Emily Slesinger

Emily Slesinger
National Oceanic and Atmospheric Administration | NOAA · Alaska Fisheries Science Center

PhD

About

7
Publications
1,018
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32
Citations
Introduction
I am a postdoc through the National Research Council, working out of the NOAA Alaskas Fisheries Science Center on interactive effects of ocean acidification and warming on larval fish physiology. My broad research goals are to use physiology, reproductive biology, and ecology as tools to investigate the impacts of climate change on economically important fish species to allow sustainable fishing under a changing environment.

Publications

Publications (7)
Article
Full-text available
Fish reproduction is energetically costly, leading to a suite of energy allocation strategies for maximizing lifetime reproductive potential. Assessing energetic allocation for species that inhabit a wide distributional range can provide insight into different strategies found across individuals and populations. The Northern stock of black sea bass...
Article
Full-text available
Statistical models built using different data sources and methods can exhibit conflicting patterns. We used the northern stock of black sea bass (Centropristis striata) as a case study to assess the impacts of using different fisheries data sources and laboratory-derived physiological metrics in the development of thermal habitat models for marine...
Article
Full-text available
Ocean warming is leading to poleward range shifts for many fish species, and while well described, potential life history phenology differences within fish populations along a gradient from their historic to current distributional range have not been studied. In a rapidly shifting fish population, the Northern stock of black sea bass (Centropristis...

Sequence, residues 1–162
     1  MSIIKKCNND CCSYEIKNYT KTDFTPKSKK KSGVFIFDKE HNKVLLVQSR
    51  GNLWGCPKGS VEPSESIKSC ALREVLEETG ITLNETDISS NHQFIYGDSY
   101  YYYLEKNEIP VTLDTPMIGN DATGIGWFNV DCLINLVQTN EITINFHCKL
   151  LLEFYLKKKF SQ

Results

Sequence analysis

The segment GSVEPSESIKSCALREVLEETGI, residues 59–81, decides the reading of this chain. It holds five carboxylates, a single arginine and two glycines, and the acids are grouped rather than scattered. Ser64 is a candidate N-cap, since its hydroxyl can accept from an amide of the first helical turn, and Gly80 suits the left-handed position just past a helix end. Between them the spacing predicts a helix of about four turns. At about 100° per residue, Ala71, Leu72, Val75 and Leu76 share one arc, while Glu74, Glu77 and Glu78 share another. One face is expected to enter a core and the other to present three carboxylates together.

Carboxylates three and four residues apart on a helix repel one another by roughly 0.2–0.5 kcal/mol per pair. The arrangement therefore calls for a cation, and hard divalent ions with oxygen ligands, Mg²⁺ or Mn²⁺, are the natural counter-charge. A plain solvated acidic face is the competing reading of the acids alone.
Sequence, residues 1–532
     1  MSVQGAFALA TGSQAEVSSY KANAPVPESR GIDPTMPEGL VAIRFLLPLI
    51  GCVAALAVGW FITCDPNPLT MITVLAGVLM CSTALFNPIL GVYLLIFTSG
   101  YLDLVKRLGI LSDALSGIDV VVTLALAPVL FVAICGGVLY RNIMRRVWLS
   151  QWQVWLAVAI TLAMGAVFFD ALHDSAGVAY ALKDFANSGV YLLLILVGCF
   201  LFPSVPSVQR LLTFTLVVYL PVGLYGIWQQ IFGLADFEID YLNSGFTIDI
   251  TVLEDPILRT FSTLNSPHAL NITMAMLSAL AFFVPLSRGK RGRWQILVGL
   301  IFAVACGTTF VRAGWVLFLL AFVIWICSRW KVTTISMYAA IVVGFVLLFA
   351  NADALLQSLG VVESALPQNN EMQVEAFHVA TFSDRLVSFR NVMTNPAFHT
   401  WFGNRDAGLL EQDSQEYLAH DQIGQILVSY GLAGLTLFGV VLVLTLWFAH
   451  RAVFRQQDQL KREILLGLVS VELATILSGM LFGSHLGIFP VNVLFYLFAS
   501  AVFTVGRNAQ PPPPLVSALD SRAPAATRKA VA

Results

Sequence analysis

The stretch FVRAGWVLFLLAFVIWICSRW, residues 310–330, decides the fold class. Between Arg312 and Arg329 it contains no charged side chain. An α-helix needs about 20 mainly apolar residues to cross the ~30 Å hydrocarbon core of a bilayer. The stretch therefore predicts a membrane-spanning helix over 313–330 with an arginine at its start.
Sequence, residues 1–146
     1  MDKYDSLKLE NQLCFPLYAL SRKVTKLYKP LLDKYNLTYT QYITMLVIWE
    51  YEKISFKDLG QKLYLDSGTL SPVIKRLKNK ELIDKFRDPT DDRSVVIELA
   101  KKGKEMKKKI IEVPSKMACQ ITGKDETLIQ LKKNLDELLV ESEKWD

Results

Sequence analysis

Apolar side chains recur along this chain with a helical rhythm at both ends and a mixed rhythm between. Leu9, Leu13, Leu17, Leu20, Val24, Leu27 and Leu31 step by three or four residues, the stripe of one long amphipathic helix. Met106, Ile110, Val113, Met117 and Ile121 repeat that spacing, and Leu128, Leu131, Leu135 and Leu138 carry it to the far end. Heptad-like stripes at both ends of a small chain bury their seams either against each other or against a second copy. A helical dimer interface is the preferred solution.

Article
The influence of a warming climate on patterns of abundance and seasonality of the lobate ctenophore Mnemiopsis leidyi is of interest worldwide, especially in regions where the species occurs at or near the limits of its thermal niche or is shifting its spatial distribution poleward. A 47-year (1972–2019) time series of weekly observations of M. le...
Article
Full-text available
Over the last decade, ocean temperature on the U.S. Northeast Continental Shelf (U.S. NES) has warmed faster than the global average and is associated with observed distribution changes of the northern stock of black sea bass (Centropristis striata). Mechanistic models based on physiological responses to environmental conditions can improve future...
Article
Full-text available
Grace Saba was incorrectly denoted as corresponding author. Emily Slesinger is corresponding author and the corresponding author email address is correct.
Preprint
Full-text available
Over the last decade, ocean temperature in the U.S. Northeast Continental Shelf (U.S. NES) has warmed faster than the global average and is associated with observed distribution changes of the northern stock of black sea bass ( Centropristis striata ). Mechanistic models based on physiological responses to environmental conditions can improve futur...

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Projects

Projects (3)
Project
Assess if rapidly shifting marine species can adapt their spawning in their newly occupied range and potential impacts on reproduction. This is particularly interesting for migratory fish and those that span a large latitudinal spawning range. We are investigating this in black sea bass, stay tuned for paper in press!
Project
Determine the differences between black sea bass energy and fecundity pre-, during, and post-spawning throughout their entire range (Virginia to Massachusetts). Focusing on both the effects of temperature during spawning and distance traveled before spawning.